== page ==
http://www.catalog.update.microsoft.com/Search.aspx?q=windows%207%20service%20pack%201

Windows 7 Service Pack 1 for Windows 7 Service Packs 5/31/2011 912.4 MB
x64-based Systems (KB976932)

Windows 7 Service Pack 1 for Windows 7 Service Packs 5/31/2011 541.9 MB
x86-based Systems (KB976932)

In the old days, before the Dark Times, you could get SP1 this way.
And it may still be worthwhile doing it this way. Notice how Microsoft
goes for "Maximum Aggravation" by listing a bunch of irrelevant files
first, before getting to the ones that most users need. I reformatted
this stuff in a previous posting, so I didn't have to redo it. The two
with the arrows, are for a 64-bit or 32-bit OS install respectively.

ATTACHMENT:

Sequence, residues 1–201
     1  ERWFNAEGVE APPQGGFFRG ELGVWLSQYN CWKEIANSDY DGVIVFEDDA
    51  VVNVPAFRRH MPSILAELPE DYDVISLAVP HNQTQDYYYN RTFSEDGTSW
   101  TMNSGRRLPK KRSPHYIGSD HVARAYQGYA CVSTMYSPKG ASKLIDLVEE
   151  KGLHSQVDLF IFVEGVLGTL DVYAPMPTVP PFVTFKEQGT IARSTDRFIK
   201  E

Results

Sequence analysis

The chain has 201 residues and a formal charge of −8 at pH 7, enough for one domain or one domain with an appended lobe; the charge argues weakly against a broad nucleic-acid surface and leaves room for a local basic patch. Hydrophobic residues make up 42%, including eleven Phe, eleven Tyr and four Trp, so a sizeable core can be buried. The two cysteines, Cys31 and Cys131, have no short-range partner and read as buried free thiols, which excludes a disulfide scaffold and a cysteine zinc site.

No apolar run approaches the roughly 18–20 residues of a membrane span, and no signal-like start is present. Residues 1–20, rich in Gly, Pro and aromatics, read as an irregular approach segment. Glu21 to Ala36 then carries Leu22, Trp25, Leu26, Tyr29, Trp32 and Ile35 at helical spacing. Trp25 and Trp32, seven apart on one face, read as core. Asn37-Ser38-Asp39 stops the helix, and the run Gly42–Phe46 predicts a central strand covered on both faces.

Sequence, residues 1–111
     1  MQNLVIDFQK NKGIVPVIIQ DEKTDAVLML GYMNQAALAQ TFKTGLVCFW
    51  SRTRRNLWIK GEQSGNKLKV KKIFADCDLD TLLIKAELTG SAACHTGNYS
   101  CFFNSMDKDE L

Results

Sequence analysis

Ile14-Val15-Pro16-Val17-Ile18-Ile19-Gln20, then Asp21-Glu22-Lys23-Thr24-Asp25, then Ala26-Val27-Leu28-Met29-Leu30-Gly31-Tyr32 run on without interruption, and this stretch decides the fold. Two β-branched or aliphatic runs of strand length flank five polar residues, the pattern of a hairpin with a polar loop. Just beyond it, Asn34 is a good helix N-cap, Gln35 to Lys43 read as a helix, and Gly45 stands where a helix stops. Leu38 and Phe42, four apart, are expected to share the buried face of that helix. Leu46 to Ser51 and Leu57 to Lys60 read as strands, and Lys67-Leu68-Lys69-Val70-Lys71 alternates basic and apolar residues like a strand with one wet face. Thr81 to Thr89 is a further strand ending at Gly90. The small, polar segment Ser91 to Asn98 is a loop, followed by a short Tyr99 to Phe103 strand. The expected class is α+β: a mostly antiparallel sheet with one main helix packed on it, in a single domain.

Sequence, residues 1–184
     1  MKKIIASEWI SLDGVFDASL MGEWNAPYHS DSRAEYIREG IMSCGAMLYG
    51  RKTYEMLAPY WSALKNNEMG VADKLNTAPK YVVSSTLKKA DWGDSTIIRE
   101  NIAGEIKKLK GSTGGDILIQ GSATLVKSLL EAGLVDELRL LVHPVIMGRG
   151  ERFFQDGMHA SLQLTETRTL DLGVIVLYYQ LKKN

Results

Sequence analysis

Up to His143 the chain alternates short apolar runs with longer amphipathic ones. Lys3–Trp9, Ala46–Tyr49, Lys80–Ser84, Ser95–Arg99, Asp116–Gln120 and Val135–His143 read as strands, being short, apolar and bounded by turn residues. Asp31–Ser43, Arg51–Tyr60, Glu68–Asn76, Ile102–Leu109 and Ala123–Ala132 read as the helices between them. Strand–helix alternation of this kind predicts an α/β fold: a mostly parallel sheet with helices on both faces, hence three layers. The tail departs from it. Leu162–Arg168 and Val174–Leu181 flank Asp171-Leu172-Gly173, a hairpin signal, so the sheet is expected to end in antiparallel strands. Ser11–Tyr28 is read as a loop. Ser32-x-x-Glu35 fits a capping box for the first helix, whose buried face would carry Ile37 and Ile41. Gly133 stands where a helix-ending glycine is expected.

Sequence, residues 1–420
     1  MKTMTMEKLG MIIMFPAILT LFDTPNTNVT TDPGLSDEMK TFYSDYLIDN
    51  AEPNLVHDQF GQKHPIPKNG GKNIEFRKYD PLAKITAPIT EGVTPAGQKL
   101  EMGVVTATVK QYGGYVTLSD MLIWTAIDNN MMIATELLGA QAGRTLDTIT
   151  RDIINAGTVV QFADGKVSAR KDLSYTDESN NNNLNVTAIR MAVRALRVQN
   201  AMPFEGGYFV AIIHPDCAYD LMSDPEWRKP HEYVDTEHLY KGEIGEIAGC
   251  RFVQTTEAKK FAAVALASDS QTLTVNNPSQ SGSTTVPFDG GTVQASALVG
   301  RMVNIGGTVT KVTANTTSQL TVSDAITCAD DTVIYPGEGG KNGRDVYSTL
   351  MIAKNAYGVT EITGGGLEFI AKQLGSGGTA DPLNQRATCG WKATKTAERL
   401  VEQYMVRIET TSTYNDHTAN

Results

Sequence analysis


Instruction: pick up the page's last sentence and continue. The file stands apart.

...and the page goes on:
http://www.microsoft.com/downloads/en/details.aspx?FamilyID=c3202ce6-4056-4059-8a1b-3a9b77cdfdda

7601.17514.101119-1850_Update_Sp_Wave1-GRMSP1.1_DVD.iso 1.0 GB

Windows_Win7SP1. ... .AMD64CHK.Symbols.msi 262.0 MB
Windows_Win7SP1. ... .AMD64FRE.Symbols.msi 287.0 MB
Windows_Win7SP1. ... .IA64CHK.Symbols.msi 241.0 MB
Windows_Win7SP1. ... .IA64FRE.Symbols.msi 193.0 MB
Windows_Win7SP1. ... .X86CHK.Symbols.msi 294.0 MB
Windows_Win7SP1. ... .X86FRE.Symbols.msi 330.0 MB

windows6.1-KB976932-IA64.exe 511.0 MB
windows6.1-KB976932-X64.exe 903.0 MB <------
windows6.1-KB976932-X86.exe 537.0 MB <------

Wsusoffline can be used to generate a list of updates
too, but it has its own problems. Namely, wuauserv goes nuts
just as easily during a Wsusoffline run (to install updates)
as a regular WU session would do. Virtually nothing in
this business "just works". Every step is a PITA. Maybe after
WU starts working, you can switch over to running Wsusoffline
on a USB stick (prepared on another computer perhaps).

*******

OK, once the OS claims to be at SP1, we can work on WU next.
The first one is a tiny servicing stack update. The second
one is 500MB and will take a while to download. The second